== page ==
'Kabir Singh' review: Shahid Kapoor is outstanding in a film that glorifies toxic masculinity

Kiara Advani and Shahid Kapoor in a still from 'Kabir Singh'. (Image via Youtube grab) Photograph:( Others )

WION Web Team New Delhi, Delhi, India Jun 21, 2019, 08.46 AM (IST) Written By: Shomini Sen

In the opening scene of ‘Kabir Singh’, a very intoxicated Shah Kapoor calls up a girl for casual sex. Minutes later, as the two hurriedly take their clothes off, the girl’s fiance comes knocking at their door. The girl pushes Kabir away but he is in no mood to listen and wants to do it anyway. As the girl flares up and pushes him away, he grabs a knife lying on the counter next to them and threatens her to have sex. The two stare at each other, until better sense prevails, and Kabir leaves the house. A poignant moment in the film that defines how Kabir is – an impulsive, short-tempered man-child who wants everything to go his way, always.

Writer-director Sandeep Vanga Reddy remakes his Telugu debut 'Arjun Reddy' in Hindi and keeps the story and screenplay more or less the same. Dr Kabir Singh ( Shahid Kapoor), who states he is ‘not a rebel without a cause’ unabashedly, falls in love with college junior Preeti Sikka (Kiara Advani). Kabir is a college bully and in more ways than one – lets the entire campus know that Preeti is his girl and no one is allowed to even speak to her without his permission. He takes extra interest in her, makes her his student, takes classes outside the classroom for her and eventually a meek, almost-mute Preeti falls for him. Thinks are picture perfect even when Kabir graduates and moves to Mussoorie for masters.

It's only when the two complete their college and want to get married, does the problem start. Preeti belongs to a conservative family who is in no mood to get her married to a brash, short-tempered boy. She gets married off and he finds solace in addiction. The film thus explores Kabir’s journey towards self-destruction, where dejected in love, he becomes more reckless and remains constantly intoxicated- hoping to forget Preeti and the pain of separation.

Reddy delivers a detailed screenplay and Shahid Kapoor, as the rebellious, womaniser Kabir Singh delivers a stupefying performance. Over the years, Shahid has proved time and again that given a good script- he can deliver. He brings naivety and brashness in equal amount to his character. You hate him for being such an ill-mannered, abusive man who refuses to move on but at the same time smile at his naivety, his vulnerability and feel bad for what has happened to him. You hate his Kabir Singh, you are infuriated even and that's how powerful Shahid’s performance is. He plays a character 10 years younger to his actual age- but Shahid seamlessly fits in making his act stand out. This undoubtedly is his best performance since ‘Haider’.

Kiara Advani too impresses as the vulnerable Preeti who may appear meek and shy in the beginning, but eventually turns out to be quite a rebel herself! The actress brings an innocence to her character and with limited lines, emotes through eyes. It took us a while to notice Kiara’s talent, she made her debut in 2014 in 'Fugly' but it was only after ‘Lust Stories’ in 2018 that people took notice of her. ‘Kabir Singh’ reiterates the fact that she is a good performer and can manage to hold her own.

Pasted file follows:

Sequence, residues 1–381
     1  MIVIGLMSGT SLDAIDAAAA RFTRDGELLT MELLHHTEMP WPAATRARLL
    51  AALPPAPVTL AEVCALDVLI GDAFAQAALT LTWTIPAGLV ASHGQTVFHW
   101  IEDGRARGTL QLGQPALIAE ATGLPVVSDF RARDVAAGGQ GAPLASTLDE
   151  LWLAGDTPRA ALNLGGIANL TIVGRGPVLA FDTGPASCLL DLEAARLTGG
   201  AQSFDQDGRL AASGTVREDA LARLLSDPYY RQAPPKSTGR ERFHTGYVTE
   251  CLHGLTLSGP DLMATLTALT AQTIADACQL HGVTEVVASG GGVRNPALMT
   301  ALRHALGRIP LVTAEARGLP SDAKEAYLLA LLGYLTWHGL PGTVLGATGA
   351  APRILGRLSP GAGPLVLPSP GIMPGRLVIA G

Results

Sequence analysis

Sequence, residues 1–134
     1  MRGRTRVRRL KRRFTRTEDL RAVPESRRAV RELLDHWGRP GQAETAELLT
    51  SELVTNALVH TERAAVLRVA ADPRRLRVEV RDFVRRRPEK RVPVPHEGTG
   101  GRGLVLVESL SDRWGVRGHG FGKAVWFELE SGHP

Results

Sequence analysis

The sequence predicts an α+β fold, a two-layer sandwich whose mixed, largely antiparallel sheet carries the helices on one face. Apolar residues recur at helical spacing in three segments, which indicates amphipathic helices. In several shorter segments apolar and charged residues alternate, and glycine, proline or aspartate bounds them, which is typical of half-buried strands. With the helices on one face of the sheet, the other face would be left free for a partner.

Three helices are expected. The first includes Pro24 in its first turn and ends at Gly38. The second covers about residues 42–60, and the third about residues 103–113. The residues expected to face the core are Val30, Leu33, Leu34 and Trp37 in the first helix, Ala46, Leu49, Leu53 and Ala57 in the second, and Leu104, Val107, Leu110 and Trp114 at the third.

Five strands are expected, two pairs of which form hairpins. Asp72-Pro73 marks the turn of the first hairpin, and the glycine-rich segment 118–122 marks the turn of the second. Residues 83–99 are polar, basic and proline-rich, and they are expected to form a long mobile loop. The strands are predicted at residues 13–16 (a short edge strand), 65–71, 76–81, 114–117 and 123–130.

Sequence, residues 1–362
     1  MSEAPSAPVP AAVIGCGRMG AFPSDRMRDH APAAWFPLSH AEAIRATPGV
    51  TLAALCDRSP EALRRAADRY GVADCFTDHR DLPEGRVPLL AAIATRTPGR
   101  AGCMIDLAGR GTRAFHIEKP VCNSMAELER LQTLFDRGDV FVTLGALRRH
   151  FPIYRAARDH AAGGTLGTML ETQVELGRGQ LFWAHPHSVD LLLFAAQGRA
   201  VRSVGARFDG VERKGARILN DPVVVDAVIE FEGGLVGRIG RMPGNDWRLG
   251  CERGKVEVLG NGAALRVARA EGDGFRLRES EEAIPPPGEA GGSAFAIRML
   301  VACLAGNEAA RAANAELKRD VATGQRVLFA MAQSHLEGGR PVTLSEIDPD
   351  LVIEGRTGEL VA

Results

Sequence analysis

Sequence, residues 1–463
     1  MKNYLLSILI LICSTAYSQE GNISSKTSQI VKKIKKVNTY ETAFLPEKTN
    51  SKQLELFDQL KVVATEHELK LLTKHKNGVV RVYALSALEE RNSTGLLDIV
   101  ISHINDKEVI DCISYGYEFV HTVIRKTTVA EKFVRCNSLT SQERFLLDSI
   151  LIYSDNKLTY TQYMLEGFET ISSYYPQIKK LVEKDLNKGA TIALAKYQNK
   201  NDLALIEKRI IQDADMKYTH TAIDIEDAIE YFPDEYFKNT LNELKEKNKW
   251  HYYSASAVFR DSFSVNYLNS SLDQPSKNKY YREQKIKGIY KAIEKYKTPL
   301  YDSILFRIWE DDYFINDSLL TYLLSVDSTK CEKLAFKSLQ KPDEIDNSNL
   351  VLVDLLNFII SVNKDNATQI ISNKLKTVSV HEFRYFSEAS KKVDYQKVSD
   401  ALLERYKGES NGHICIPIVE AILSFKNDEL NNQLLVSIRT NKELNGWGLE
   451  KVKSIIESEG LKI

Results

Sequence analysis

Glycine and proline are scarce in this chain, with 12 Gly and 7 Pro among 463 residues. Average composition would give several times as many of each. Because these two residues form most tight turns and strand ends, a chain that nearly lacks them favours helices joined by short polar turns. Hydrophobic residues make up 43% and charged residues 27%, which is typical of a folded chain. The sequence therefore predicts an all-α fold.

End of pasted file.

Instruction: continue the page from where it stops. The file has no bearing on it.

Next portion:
Another actor who stands out is Soham Majumdar who plays Shiva, Kabir’s best friend who stays by Kabir’s side even when his own family turns their back towards him. Shiva is the friend that everyone needs and Majumdar plays the role with utmost dedication.

While the film has incredible performances from its actors, the story remains a major problem. It is 2019, a time when so much has been discussed in terms of women rights, yet filmmakers find it okay to glorify toxic masculinity in a three-hour long film.

Romanticising the pain of heartbreak has been a favourite theme for filmmakers since time immemorial. But at a time when the world is witnessing #MeToo movement, how is it okay to show a leading man who openly fat shames, hits women at the drop of a hat, and abuses anyone and everyone? The film celebrates toxic masculinity in the garb of portraying realism. It is a story from a man’s perspective where everyone is nonchalant about how wrong he is. ‘Yes, he is a flawed character. So what?’ seems to be the argument always.

The unbalanced characterisation of Kabir and Preeti aggravates the issues a lot more. Had they shown Preeti’s character arc in as much detail as Kabir’s, I would have still been okay. But its a 174 minutes long ordeal to watch Kabir destroying his world all in the name of heartbreak. In the second half, the film is overstretched with Kabir inflicting pain on himself again and again. He is hurt and angry- we get it. No point stretching it.

The film has some incredible music by a gamut of composers who enable the narrative to a great extent. Some great cameos by Kamini Kaushal, Suresh Oberoi, Arjan Bajwa, and Adil Hussain- makes the film more impactful.

In ‘Kabir Singh’, Shahid Kapoor shines. He plays the central character with utmost conviction and makes you loathe and love him at the same time. But the story itself is problematic. It somehow justifies, celebrates brash behaviour – such emotions should not be glorified, they need to be shunned.

Story highlights

In ‘Kabir Singh’, Shahid Kapoor shines. He plays the central character with utmost conviction and makes you loathe and love him at the same time.